Gohyaku-Jintengo (literally, five hundred is like a piece of dust in the infinite time frame) is a word that represents admiration for Siddhartha Gautama spending limitless time in the process of Jodo (completing the path to becoming a Buddha by attaining enlightenment), which is cited in the Nyorai Juryo-bon (the Infinite Life of Buddha Chapter) of Hokekyo (the Lotus Sutra). More precisely, it should be referred to as 'Gohyakuoku-Jintengo' (literally, fifty billion is like a piece of dust in the infinite timeframe).
In the Nyorai Juryo-bon, the 16th Chapter of Hokekyo, the following description is found:
The present Siddhartha Gautama left the Siddhartha (Gautama) Kingdom and his Gaya-jo Castle not so long time ago and wished that he could acquire Anokutara sanmyaku sanbodai (supreme perfect enlightenment, the unsurpassed enlightenment of a Buddha) while meditating in a training hall.'
But it has been muryomuhen hyakusenman no kunayutako (my lifespan should be limited, even to the extent of hundred thousand kotis of nayutas of kalpas, may I not attain perfect Enlightenment) since I became Buddha.'
The speaker continues, 'for example, suppose that the Sanzen Daisen Sekai (the universe consisting of 1,000 exponent 3 (=1 billion) Buddhism-style galaxies), with each galaxy measuring gohyaku-senman-oku nayuta asogi (five hundred, a thousand, ten thousand, a million nayuta asamkhya) was fallen apart to pieces of dust.'
If a person passes an Eastern (Buddhism-style) galaxy measuring gohyaku-senman-oku nayuta asougi go--in other words, if a person collect one piece of dust--and continues to go eastwards until collecting all the pieces of dust, is he able to know the number of (Buddhism-style) galaxies in the universe or not?"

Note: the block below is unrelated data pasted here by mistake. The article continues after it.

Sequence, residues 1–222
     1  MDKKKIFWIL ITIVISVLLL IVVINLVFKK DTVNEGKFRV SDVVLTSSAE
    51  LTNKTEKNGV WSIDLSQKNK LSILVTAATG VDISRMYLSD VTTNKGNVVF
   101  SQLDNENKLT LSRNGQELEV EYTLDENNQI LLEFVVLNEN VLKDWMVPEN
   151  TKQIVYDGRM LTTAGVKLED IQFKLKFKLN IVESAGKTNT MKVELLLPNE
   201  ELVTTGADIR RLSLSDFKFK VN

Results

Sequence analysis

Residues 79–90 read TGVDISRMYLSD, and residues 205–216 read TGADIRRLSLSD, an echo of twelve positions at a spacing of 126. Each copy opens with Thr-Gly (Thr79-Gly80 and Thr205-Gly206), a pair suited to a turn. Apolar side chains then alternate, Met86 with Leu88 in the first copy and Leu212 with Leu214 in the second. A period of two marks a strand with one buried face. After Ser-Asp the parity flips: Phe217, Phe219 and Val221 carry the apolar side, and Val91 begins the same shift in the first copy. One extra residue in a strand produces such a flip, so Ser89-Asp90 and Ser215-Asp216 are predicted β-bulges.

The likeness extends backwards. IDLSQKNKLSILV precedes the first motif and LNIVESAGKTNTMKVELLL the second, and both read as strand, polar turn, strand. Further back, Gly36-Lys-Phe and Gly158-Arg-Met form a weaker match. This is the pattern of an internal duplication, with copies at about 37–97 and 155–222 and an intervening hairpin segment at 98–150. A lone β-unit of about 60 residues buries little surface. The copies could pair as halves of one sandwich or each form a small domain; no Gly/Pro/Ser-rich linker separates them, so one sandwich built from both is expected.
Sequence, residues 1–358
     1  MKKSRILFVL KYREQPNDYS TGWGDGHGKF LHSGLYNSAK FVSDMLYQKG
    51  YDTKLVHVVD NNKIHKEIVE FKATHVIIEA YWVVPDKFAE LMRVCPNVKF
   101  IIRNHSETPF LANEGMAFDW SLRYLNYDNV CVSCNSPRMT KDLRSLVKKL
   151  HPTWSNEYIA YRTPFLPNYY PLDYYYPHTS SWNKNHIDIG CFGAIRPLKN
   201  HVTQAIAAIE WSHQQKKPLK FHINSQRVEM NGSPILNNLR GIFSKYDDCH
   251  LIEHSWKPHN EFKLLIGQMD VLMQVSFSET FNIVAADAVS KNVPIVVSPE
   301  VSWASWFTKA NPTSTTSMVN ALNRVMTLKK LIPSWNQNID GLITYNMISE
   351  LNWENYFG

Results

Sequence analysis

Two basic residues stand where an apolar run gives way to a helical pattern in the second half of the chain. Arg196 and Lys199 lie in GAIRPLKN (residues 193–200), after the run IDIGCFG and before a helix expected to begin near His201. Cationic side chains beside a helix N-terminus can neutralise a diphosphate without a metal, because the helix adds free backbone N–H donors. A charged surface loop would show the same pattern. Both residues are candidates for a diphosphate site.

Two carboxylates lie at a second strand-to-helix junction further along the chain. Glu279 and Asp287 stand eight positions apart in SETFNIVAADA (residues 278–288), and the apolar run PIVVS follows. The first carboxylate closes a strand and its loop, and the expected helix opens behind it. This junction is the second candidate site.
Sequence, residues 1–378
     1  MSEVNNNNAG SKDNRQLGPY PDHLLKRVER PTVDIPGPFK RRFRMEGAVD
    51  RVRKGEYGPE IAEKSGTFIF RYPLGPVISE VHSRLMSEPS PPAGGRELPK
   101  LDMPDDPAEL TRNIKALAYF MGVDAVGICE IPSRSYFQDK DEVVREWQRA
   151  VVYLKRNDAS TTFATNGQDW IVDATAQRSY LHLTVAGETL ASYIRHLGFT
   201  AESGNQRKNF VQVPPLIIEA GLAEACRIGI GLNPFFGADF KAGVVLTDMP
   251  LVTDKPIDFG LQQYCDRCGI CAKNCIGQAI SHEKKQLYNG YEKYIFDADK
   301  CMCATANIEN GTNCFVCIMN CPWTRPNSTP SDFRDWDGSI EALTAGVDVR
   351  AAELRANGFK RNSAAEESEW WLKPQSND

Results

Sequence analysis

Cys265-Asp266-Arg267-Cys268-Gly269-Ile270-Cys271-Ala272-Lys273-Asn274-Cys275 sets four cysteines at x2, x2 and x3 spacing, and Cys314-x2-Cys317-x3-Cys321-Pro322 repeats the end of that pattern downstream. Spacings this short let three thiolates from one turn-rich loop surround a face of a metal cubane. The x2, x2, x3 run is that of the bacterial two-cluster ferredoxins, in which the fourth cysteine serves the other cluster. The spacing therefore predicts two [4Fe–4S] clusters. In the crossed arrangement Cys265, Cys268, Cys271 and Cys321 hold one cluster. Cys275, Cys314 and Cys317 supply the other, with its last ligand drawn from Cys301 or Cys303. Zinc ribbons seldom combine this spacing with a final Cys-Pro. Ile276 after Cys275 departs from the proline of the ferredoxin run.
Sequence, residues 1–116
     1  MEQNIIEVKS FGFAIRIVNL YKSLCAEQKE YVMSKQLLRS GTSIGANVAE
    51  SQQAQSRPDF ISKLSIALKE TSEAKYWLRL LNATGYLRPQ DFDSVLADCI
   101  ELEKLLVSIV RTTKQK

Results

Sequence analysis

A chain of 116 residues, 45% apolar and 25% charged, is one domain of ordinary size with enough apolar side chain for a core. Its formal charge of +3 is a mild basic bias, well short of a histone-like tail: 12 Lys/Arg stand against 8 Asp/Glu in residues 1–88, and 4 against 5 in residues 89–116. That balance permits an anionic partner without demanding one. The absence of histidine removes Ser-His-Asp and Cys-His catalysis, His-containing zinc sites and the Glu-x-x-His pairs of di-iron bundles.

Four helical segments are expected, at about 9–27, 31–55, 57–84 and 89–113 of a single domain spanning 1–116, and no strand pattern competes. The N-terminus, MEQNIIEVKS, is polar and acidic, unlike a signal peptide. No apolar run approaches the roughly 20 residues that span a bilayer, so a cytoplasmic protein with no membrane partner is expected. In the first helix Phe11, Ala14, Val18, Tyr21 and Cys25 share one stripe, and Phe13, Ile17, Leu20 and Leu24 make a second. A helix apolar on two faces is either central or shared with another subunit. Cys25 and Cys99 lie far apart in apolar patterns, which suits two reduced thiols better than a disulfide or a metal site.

A similar description is found in the Kejoyubon, the 7th Chapter, of the Lotus Sutra.
For example, suppose the all the seeds (a metaphor for Buddhism-style galaxies) in the Sanzen Daisen Sekai are ground to ink, even if you visited 1,000 Eastern galaxies, you will only draw a dot.'
The size of the dot is similar to a piece of dust.'
This anecdote in the Kejobon is called Sanzen-Jintengo (literally, thirty thousand (in actual sense, 1,000 exponent 3) is like a piece of dust in the infinite timeframe). Meanwhile, the phrase 'gohyaku-senman-oku nayuta asogi' of the Juryo-bon ((one of) 'honmon,' or primordial later 14 chapters of the Lotus Sutra) is called Gohyaku (oku)-Jintengo (literally, fifty billion is like a piece of dust in the infinite timeframe), suggesting (the process of Siddhartha's becoming Buddha is far more prolonged process than Sanzen-Jintengo in the Kejoyu-bon ((one of) 'shukumon,' or the first 14 chapters of the Lotus Sutra).
In the Lotus Sutra, Siddhartha's enlightenment is described as follows: 'It has been muryomuhen hyakusenman no kunayutako since I became Buddha.'
If the descriptions in the Lotus Sutra can be taken for granted, the Gohyaku-Jintengo is nothing but a metaphor and is not the time when Siddhartha became Buddha. The Sanzen-Jintengo in the Kejoyu-bon is also nothing but a metaphor.
Nichiren, however, added the connotation of Kaigon Kennon (Siddhartha is not only a real person who became Buddha but also a true Buddha who has been saving the public since the infinite time of Gohyaku-Jintengo) to Gohyaku-Jintengo, stating in his books such as "Book of the Realm of Siddhartha" that 'this Shaba (one of galaxies in the Sanzen Daisen Sekai, where our humans live) world has been the realm of Siddhartha Bodhisattva for past Gohyaku-Jintengo years.'
With this, it became common for Gohyaku-Jintengo to be interpreted as the time when Siddhartha really achieve enlightenment.
Incidentally, in general, it is said that Siddhartha was born in India and achieved enlightenment under the Bodhi Tree.
This is called 'Gaya Shijo' or 'Shijo Shogaku.'
The Hokekyo, however, confesses that Siddhartha is not an person who was born in India and achieved enlightenment under the Bodhi Tree but a Buddha who had achieved enlightenment in the infinite remote past. This is called Kuon Jitsujo.